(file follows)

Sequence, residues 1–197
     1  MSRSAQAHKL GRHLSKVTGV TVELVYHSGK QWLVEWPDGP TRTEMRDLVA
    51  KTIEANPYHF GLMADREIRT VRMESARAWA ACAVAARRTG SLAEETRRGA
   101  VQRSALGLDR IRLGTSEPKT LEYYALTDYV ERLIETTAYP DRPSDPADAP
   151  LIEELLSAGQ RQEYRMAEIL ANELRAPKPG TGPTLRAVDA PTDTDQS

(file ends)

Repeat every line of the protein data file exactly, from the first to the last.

Sequence, residues 1–197
     1  MSRSAQAHKL GRHLSKVTGV TVELVYHSGK QWLVEWPDGP TRTEMRDLVA
    51  KTIEANPYHF GLMADREIRT VRMESARAWA ACAVAARRTG SLAEETRRGA
   101  VQRSALGLDR IRLGTSEPKT LEYYALTDYV ERLIETTAYP DRPSDPADAP
   151  LIEELLSAGQ RQEYRMAEIL ANELRAPKPG TGPTLRAVDA PTDTDQS